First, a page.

(c) What do search reports contain?

Search reports contain:

  • citations of patent and non-patent literature considered to be relevant to the technological problem given in the request (copies of those documents will also be provided), however, neither commercial information nor technical drawings and designs, and the like, may be expected to be provided;
  • in most cases, a short description of the relevance--to the technological problem given in the request--of the documents cited;
  • normally, the classification symbols of the International Patent Classification (IPC) and/or a national patent classification of the subject matter fields searched. It would also include, where relevant, an indication of the patent document collections searched and the period covered by the report;
  • the date on which the search was actually completed.

(d) Submit a request for a-state-of-the art search report

This service is free of charge. WIPO accepts requests only if they are made by institutions or individuals from developing countries. Any information given by the requestor to describe his inquiry will be treated as confidential.

Examples of two requests for search reports, together with the corresponding reports, and one request for a name search, accompanied by the results are available. It is particularly recommended that these be carefully studied before a request is submitted to the International Bureau of WIPO.

(i) How does the service work?

Requests for search reports submitted directly by a private institution or by an individual are accepted only if they are endorsed by a national (or regional) industrial property office, a national research and development institution or other government authority of the country of residence of the requestor.

Each request for a search report is examined by WIPO before it is forwarded for processing to one of the contributing industrial property offices.

WIPO acknowledges receipt of search requests and informs the requestor to which contributing office the request was transmitted for performing the search.

According to the policy of the International Bureau of WIPO, requests may have to be refused if they are related to arms, chemical warfare, military technologies, etc.

(ii) What are the requirements for a request?

Each request for a search report must:

  • specify the government department or other national authority, institution or organization making or endorsing the request;
  • give a title which, for reference purposes, summarizes the subject matter of the request;
  • contain a full and detailed description of the subject matter of the request. This should relate to a single, well defined technological problem, or, in the case of a name search, have precise and complete spelling of company names and/or individuals;
  • include, if the description is very long, (e.g., several pages), a summary of the description giving the particulars of the technological information sought;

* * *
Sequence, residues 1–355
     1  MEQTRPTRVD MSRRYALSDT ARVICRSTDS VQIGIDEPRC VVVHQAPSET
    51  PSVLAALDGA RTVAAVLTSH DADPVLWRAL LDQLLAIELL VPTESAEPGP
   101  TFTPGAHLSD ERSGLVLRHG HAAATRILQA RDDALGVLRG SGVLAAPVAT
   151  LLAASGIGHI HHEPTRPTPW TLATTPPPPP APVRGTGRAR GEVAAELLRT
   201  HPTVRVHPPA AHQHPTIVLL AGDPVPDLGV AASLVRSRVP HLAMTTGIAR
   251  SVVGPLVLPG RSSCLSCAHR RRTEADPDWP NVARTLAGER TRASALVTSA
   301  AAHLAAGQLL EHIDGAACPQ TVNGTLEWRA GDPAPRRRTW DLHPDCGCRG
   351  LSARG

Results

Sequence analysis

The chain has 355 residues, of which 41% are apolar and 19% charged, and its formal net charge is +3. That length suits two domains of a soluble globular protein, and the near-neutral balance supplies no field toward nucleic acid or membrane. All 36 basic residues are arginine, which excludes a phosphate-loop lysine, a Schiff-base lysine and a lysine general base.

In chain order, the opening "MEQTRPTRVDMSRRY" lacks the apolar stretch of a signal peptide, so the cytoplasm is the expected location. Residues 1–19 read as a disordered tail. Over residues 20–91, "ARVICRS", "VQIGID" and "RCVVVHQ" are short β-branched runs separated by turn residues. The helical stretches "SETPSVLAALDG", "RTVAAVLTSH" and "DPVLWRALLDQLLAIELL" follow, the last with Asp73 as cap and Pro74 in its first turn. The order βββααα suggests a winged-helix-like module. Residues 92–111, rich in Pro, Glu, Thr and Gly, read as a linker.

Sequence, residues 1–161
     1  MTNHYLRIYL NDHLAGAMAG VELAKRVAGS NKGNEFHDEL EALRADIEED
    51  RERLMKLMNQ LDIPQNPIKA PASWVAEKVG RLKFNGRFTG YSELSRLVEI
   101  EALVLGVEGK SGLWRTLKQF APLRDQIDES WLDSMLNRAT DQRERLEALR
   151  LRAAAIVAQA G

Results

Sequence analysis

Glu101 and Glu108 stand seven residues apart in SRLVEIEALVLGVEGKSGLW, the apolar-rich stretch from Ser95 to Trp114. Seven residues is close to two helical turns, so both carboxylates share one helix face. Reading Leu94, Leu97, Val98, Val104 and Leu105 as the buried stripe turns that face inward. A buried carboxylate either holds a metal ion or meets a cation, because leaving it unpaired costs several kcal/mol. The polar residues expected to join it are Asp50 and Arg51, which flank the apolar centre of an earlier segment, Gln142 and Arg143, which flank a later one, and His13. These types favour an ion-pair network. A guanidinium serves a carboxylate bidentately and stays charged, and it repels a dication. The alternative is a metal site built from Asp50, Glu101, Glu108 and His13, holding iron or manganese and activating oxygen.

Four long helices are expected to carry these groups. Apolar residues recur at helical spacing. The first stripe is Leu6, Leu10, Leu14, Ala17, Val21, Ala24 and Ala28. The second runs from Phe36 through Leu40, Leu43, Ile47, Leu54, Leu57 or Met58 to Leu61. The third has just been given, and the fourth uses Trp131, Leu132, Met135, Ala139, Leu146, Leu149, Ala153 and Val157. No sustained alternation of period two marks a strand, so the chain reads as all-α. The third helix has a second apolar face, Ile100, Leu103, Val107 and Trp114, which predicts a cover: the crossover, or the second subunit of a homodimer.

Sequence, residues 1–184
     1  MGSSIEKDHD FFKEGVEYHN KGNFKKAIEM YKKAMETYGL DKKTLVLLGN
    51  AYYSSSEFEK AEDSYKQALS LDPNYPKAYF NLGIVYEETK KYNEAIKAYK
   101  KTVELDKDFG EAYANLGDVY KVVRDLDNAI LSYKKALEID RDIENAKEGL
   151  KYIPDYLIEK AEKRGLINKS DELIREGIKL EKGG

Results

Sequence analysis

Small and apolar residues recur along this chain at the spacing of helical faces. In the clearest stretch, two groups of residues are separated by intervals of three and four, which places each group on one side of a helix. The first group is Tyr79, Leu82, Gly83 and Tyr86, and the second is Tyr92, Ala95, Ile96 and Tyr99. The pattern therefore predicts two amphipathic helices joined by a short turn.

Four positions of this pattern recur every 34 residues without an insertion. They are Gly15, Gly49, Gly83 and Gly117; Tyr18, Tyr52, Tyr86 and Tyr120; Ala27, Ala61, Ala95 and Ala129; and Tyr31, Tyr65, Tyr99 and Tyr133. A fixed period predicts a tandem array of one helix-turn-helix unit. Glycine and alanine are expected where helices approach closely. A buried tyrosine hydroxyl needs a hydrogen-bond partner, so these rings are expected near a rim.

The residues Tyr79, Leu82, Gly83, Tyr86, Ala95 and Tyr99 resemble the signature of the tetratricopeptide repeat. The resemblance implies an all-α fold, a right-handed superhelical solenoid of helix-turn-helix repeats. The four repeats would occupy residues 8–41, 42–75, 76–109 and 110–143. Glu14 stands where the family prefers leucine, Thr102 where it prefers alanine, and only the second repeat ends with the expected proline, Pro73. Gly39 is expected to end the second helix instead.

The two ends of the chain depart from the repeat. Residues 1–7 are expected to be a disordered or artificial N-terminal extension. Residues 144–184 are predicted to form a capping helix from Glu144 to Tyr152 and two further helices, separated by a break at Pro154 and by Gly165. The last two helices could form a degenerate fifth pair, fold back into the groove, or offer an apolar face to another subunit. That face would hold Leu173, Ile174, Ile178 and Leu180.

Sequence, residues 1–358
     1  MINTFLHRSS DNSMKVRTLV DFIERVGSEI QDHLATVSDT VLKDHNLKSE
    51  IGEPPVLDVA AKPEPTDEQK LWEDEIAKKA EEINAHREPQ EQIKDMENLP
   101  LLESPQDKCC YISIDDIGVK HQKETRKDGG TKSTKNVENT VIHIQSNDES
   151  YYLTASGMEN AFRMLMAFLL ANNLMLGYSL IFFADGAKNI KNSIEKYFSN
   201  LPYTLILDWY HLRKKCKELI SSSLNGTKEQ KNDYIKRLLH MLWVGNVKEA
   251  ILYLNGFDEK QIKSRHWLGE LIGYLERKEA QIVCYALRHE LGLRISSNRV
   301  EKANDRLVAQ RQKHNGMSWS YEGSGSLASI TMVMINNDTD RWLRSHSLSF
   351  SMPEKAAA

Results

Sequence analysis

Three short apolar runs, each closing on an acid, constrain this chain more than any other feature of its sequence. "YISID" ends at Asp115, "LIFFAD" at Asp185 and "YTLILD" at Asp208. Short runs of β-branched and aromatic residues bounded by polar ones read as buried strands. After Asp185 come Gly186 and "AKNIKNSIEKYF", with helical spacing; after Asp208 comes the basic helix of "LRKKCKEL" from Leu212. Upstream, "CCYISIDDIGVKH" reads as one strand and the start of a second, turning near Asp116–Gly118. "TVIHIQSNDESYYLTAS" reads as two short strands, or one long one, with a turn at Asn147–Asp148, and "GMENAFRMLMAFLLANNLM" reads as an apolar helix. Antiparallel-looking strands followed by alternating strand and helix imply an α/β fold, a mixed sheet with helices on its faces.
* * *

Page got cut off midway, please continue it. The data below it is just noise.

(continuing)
• be signed by the requestor and/or the director or other responsible official of the government authority or institution making and/or endorsing the request;
  • use the appropriate form [ PDF].

Each request for a search report should contain drawings if they assist in the understanding of the description. The request should list any limitations of the search report which could facilitate a swift and more accurate search (e.g., by publication date, by country, by language of documents disclosing technology relevant to the request or by the symbols of the International Patent Classification (IPC) specifying the technical field).

Requests should be written in English, French, German, Spanish or Russian. It is important to note that some requests submitted in Spanish or Russian will have to be translated into English by the International Bureau of WIPO, so that the contributing industrial property office can perform the search. The process of preparation of the search report will be accelerated if such requests are submitted with the title and abstract already translated into English.

The description in a request for a search report should be sufficiently detailed and precise so that the examiner himself does not need to make assumptions concerning the information sought. For example, if information concerning a desired solution to a technological problem is required, both the type of solution and the problem itself should be clearly defined in order to avoid the searching of other, unwanted solutions, or of the same solution to a different technological problem. Moreover, if general solutions to a technological problem are required, the requestor should describe those solutions to the problem that are already known to him so that the examiner can concentrate upon the specific need.

If searches are requested to locate information regarding patent literature which involves specific companies and/or individuals, the spelling of names, including all versions known to the requestor, must be precise and complete.

If WIPO, or the contributing industrial property office, consider that the request does not contain sufficient information, the requestor will be asked to provide additional technical information. A detailed search to identify technical solutions or other relevant data can only be made if a very clear description of the technology being sought is given.